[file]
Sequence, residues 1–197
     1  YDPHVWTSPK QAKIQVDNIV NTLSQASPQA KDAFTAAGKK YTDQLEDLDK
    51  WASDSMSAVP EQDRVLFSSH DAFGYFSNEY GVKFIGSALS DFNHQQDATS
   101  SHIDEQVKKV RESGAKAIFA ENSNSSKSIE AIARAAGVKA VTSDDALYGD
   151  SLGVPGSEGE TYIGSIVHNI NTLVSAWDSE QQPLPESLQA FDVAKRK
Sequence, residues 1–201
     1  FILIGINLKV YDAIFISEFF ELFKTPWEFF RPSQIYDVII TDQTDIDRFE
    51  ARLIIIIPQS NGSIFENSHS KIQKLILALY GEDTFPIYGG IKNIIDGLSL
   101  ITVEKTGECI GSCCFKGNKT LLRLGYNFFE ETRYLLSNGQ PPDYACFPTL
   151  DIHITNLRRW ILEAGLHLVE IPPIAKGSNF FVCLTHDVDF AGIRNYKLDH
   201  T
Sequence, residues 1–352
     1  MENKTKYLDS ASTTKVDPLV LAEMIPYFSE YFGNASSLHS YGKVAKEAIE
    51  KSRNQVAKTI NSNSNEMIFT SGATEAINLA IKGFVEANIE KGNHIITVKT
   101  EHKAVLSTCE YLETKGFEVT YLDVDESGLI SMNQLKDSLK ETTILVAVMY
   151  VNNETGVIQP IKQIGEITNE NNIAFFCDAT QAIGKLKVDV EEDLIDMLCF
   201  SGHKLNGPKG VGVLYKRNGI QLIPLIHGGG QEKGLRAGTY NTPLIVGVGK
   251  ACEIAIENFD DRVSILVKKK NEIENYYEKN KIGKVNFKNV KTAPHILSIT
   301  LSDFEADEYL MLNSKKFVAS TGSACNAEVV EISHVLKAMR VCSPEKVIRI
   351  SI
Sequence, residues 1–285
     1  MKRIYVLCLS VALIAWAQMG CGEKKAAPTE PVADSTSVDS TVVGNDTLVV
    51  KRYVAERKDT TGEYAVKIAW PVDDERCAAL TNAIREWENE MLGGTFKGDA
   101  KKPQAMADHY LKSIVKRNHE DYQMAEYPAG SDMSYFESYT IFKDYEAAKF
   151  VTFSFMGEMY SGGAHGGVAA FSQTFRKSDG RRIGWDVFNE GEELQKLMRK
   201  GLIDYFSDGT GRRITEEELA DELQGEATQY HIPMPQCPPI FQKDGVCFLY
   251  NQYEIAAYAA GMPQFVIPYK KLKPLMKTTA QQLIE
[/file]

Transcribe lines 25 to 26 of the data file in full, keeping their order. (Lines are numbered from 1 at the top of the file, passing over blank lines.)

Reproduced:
   151  VTFSFMGEMY SGGAHGGVAA FSQTFRKSDG RRIGWDVFNE GEELQKLMRK
   201  GLIDYFSDGT GRRITEEELA DELQGEATQY HIPMPQCPPI FQKDGVCFLY